Cyber Health. Photo: Cybercrime Magazine.

Cybercrime Can Give You A Mental Breakdown

Nicole Beckwith offers hope and guidance to cybersecurity professionals

Amanda Glassner

Northport, N.Y. – Mar. 4, 2021

Getting hacked and having your data and money stolen can lead to anxiety, depression and PTSD. For IT security workers who have to deal with the fallout from cyberattacks and breaches everyday, the effects can be much worse.

Too many people suffering from mental illnesses are still keeping it to themselves.

Over the last decade, there’s been a major push towards destigmatizing mental health, but there’s a long way to go.

For ages, we’ve accepted anxiety, depression, and exhaustion as inevitable side effects of being on the job. Nicole Beckwith, a top cybersecurity expert, says it doesn’t have to be this way.

During her time as a state police officer and federally sworn U.S. marshal, Beckwith fell in love with OSINT (open-source intelligence). “OSINT is my jam,” says her Twitter account @NicoleBeckwith.

Cybercrime Radio: Nicole Beckwith on Cybersecurity and Mental Health

It doesn’t have to be this way

Cybercrime Radio

In law enforcement, investigators digitally hunt criminals. It’s admirable work, but like many other roles in cyber, it can take a heavy toll on one’s psyche.

“Mental health in cybersecurity is so important because it’s a stressful field where burnout and extreme highs and lows happen constantly,” Beckwith told us.

“You are going to see and experience bad things if you are involved in DFIR, OSINT, or sometimes even in IT working on other people’s computers. Your mind needs training to be able to cope with those things before [and after] you encounter them.”

After closing a particularly difficult case, Beckwith was inspired to speak on the topic at the inaugural conINT event.

Though it was hard to rehash her trauma, the cyber intelligence analyst’s presentation became a popular training. Beckwith knew she had truly made a difference when INTERPOL (International Criminal Police Organization) asked her to create a similar course for their agents.

Consisting of key tips on compartmentalization, preparing for difficult cases, and coping with emotions, Beckwith’s training is now mandatory for all new agents and those who have been in the field less than three years.

“It really is the training I wish I had received early on,” says Beckwith.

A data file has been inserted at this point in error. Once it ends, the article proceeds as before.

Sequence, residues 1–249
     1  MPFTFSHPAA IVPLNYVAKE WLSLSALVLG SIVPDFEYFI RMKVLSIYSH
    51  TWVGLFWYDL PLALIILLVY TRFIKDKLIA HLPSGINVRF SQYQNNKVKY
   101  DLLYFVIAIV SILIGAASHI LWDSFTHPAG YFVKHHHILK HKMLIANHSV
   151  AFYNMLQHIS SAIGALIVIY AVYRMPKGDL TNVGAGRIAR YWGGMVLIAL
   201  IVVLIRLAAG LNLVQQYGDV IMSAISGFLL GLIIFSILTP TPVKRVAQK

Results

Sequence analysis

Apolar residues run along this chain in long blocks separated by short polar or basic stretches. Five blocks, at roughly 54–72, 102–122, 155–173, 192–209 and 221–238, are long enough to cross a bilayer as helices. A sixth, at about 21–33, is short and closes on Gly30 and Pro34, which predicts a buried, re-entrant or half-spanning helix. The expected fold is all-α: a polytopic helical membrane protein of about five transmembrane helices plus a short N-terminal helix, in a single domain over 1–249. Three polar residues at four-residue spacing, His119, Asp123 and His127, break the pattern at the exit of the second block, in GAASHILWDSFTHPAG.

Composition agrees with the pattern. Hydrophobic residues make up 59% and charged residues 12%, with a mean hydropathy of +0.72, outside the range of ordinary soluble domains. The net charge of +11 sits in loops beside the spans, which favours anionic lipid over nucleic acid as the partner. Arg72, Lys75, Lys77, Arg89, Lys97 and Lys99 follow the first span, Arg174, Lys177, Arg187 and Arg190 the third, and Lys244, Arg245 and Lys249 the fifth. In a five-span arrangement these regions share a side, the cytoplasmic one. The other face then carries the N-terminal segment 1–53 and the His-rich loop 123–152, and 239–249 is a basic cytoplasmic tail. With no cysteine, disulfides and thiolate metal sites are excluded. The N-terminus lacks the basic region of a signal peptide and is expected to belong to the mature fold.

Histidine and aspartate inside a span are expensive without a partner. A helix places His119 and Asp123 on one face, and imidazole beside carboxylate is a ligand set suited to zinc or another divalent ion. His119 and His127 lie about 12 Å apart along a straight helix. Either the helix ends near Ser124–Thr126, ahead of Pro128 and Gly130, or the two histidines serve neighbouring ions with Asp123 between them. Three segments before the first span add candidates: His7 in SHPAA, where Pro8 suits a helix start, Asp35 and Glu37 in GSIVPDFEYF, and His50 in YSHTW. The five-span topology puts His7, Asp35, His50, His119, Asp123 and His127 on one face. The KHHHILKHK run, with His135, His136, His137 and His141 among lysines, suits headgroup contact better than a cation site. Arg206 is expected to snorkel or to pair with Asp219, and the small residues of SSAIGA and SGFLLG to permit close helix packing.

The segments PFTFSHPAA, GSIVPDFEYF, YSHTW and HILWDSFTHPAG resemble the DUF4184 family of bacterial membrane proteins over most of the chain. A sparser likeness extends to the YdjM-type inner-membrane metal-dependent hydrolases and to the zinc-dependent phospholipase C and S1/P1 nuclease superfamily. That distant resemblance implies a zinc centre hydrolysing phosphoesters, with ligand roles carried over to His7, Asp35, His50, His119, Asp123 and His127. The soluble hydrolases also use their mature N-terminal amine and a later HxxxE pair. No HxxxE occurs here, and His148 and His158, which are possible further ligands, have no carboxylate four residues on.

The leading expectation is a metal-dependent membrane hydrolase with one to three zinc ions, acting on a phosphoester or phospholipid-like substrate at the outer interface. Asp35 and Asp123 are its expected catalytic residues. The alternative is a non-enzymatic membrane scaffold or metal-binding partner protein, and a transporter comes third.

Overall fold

The impact of her efforts can be seen in feedback from INTERPOL agents, all of which has been overwhelmingly positive.

“I really wish I had this a year ago while looking at a horrible case,” said one alum. “The images stuck with me, but I’m now working through it with Beckwith’s recommendations. My team agrees she is an angel for talking about her bad experiences in order to help us.”

In such a broad field, unfortunately, not everyone has access to detailed training courses. But there are plenty of alternative methods to mentally manage and heal.

The 5-4-3-2-1 Grounding Technique is one of Beckwith’s favorites, as is the HALT Technique. She additionally recommends visiting, NAMI, and SHIFT Wellness.

“Mental health should be a priority for everyone, and there is nothing wrong or shameful about seeking help,” advocated Beckwith in her final remarks. “I hope [talking about it] in the community gets normalized.”

Cybersecurity is certainly on its way there. In the past year, both Black Hat USA and RSA Conference have illuminated this important topic, with the latter planning to do so again at its upcoming virtual experience this May.

To hear more about her inspiring career, listen to Beckwith’s full Cybercrime Magazine podcast interview here. You can also read about her in the book “Women Know Cyber: 100 Fascinating Females Fighting Cybercrime.”

Amanda Glassner is a staff writer and reporter at Cybercrime Magazine.

Go here to read all of my blogs and articles covering cybersecurity. Go here to send me story tips, feedback and suggestions.